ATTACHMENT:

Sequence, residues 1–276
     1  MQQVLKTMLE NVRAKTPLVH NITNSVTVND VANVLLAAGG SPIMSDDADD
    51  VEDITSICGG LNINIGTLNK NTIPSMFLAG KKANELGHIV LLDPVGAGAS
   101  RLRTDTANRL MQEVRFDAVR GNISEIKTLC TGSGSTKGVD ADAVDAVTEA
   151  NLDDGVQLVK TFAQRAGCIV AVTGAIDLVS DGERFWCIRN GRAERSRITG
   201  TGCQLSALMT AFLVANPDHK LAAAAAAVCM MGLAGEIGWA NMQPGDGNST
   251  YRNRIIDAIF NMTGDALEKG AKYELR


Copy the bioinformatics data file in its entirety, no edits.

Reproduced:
Sequence, residues 1–276
     1  MQQVLKTMLE NVRAKTPLVH NITNSVTVND VANVLLAAGG SPIMSDDADD
    51  VEDITSICGG LNINIGTLNK NTIPSMFLAG KKANELGHIV LLDPVGAGAS
   101  RLRTDTANRL MQEVRFDAVR GNISEIKTLC TGSGSTKGVD ADAVDAVTEA
   151  NLDDGVQLVK TFAQRAGCIV AVTGAIDLVS DGERFWCIRN GRAERSRITG
   201  TGCQLSALMT AFLVANPDHK LAAAAAAVCM MGLAGEIGWA NMQPGDGNST
   251  YRNRIIDAIF NMTGDALEKG AKYELR